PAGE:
democracy more or less america s political reform quandary cambridge studies in election law and democracy

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Democracy More Or Less

Author : Bruce E. Cain
ISBN : 9781316194645
Genre : Law
File Size : 28. 97 MB
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Why do American political reform efforts so often fail to solve the problems they intend to fix? In this book, Bruce E. Cain argues that the reasons are an unrealistic civic ideal of a fully informed and engaged citizenry and a neglect of basic pluralist principles about political intermediaries. This book traces the tension between populist and pluralist approaches as it plays out in many seemingly distinct reform topics, such as voting administration, campaign finance, excessive partisanship, redistricting, and transparency and voter participation. It explains why political primaries have promoted partisan polarization, why voting rates are declining even as election opportunities increase, and why direct democracy is not really a grassroots tool. Cain offers a reform agenda that attempts to reconcile pluralist ideals with the realities of collective-action problems and resource disparities.

Fragile Democracies

Author : Samuel Issacharoff
ISBN : 9781107038707
Genre : Law
File Size : 89. 13 MB
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This book examines how constitutional courts can support weak democratic states in the wake of societal division and authoritarian regimes.

Democracy In The States

Author : Bruce E. Cain
ISBN : 9780815701477
Genre : Political Science
File Size : 44. 10 MB
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Democracy in the States offers a 21st century agenda for election reform in America based on lessons learned in the fifty states. Combining accessibility and rigor, leading scholars of U.S. politics and elections examine the impact of reforms intended to increase the integrity, fairness, and responsiveness of the electoral system. While some of these reforms focus on election administration, which has been the subject of much controversy since the 2000 presidential election, others seek more broadly to increase political participation and improve representation. For example, Paul Gronke (Reed College) and his colleagues study the relationship between early voting and turnout. Barry Burden (University of Wisconsin–Madison) examines the hurdles that third-party candidates must clear to get on the ballot in different states. Michael McDonald (George Mason University) analyzes the leading strategies for redistricting reform. And Todd Donovan (Western Washington University) focuses on how the spread of "safe" legislative seats affects both representation and participation. Supreme Court Justice Louis Brandeis famously observed that "a single courageous state may, if its citizens choose, serve as a laboratory; and try novel social and economic experiments without risk to the rest of the country." Nowhere is this function more essential than in the sphere of election reform, as this important book shows.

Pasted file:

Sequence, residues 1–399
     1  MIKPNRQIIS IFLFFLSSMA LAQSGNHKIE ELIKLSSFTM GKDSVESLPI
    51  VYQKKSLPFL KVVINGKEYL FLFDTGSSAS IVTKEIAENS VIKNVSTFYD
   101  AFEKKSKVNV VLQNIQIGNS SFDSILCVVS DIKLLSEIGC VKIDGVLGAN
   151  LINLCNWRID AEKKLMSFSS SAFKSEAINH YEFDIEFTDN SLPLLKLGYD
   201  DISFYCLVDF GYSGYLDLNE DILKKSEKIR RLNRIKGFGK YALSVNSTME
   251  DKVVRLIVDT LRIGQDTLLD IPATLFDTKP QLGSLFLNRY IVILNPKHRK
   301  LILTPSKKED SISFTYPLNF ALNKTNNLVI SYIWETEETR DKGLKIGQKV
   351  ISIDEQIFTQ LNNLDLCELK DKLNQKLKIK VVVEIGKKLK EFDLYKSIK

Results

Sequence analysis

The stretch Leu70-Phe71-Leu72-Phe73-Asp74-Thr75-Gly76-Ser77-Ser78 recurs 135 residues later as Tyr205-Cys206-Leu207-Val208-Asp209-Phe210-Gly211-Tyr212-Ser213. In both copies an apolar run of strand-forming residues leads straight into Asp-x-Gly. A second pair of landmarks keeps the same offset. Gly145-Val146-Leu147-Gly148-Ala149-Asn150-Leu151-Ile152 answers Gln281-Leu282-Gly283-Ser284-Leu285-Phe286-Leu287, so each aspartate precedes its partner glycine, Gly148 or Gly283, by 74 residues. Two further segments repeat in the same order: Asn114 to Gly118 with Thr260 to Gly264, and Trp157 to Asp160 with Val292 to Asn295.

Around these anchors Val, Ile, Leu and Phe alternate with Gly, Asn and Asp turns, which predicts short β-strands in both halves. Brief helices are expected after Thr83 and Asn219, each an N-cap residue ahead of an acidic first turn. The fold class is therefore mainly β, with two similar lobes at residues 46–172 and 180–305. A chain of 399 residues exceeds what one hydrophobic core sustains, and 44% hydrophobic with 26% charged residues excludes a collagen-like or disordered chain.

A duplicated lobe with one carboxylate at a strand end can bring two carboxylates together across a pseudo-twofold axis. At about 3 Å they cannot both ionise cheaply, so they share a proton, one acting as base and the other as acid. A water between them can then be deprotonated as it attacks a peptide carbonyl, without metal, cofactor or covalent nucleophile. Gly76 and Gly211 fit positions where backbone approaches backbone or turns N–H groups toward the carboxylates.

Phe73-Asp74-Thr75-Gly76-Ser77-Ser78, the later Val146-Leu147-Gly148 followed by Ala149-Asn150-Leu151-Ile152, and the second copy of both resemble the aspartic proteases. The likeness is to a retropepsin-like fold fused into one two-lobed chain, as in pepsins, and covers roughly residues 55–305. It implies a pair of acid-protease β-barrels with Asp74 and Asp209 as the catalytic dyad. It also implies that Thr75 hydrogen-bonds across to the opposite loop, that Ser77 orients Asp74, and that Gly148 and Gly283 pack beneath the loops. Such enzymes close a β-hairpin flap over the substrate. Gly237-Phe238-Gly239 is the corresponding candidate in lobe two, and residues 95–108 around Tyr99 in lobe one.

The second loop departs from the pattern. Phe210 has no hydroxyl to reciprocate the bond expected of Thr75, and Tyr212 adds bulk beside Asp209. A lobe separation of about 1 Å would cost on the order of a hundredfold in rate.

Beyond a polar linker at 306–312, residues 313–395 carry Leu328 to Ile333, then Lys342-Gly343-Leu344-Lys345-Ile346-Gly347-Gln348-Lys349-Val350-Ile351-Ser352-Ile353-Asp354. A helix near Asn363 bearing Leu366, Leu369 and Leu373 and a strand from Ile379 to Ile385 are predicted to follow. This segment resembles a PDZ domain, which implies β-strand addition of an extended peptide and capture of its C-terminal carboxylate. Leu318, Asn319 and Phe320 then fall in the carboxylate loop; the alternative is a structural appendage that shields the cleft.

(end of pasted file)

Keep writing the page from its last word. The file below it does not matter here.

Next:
Ballot Battles

Author : Edward Foley
ISBN : 9780190235284
Genre : Law
File Size : 28. 4 MB
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The 2000 presidential race resulted in the highest-profile ballot battle in over a century. But it is far from the only American election determined by a handful of votes and marred by claims of fraud. Since the founding of the nation, violence frequently erupted as the votes were being counted, and more than a few elections produced manifestly unfair results. Despite America's claim to be the world's greatest democracy, its adherence to the basic tenets of democratic elections-the ability to count ballots accurately and fairly even when the stakes are high-has always been shaky. A rigged gubernatorial election in New York in 1792 nearly ended in calls for another revolution, and an 1899 gubernatorial race even resulted in an assassination. Though acts of violence have decreased in frequency over the past century, fairness and accuracy in ballot counting nonetheless remains a basic problem in American political life. In Ballot Battles, Edward Foley presents a sweeping history of election controversies in the United States, tracing how their evolution generated legal precedents that ultimately transformed how we determine who wins and who loses. While weaving a narrative spanning over two centuries, Foley repeatedly returns to an originating event: because the Founding Fathers despised parties and never envisioned the emergence of a party system, they wrote a constitution that did not provide clear solutions for high-stakes and highly-contested elections in which two parties could pool resources against one another. Moreover, in the American political system that actually developed, politicians are beholden to the parties which they represent - and elected officials have typically had an outsized say in determining the outcomes of extremely close elections that involve recounts. This underlying structural problem, more than anything else, explains why intense ballot battles that leave one side feeling aggrieved will continue to occur for the foreseeable future. American democracy has improved dramatically over the last two centuries. But the same cannot be said for the ways in which we determine who wins the very close races. From the founding until today, there has been little progress toward fixing the problem. Indeed, supporters of John Jay in 1792 and opponents of Lyndon Johnson in the 1948 Texas Senate race would find it easy to commiserate with Al Gore after the 2000 election. Ballot Battles is not only the first full chronicle of contested elections in the US. It also provides a powerful explanation of why the American election system has been-and remains-so ineffective at deciding the tightest races in a way that all sides will agree is fair.

Party Lines

Author : Thomas E. Mann
ISBN : 0815797923
Genre : Political Science
File Size : 24. 5 MB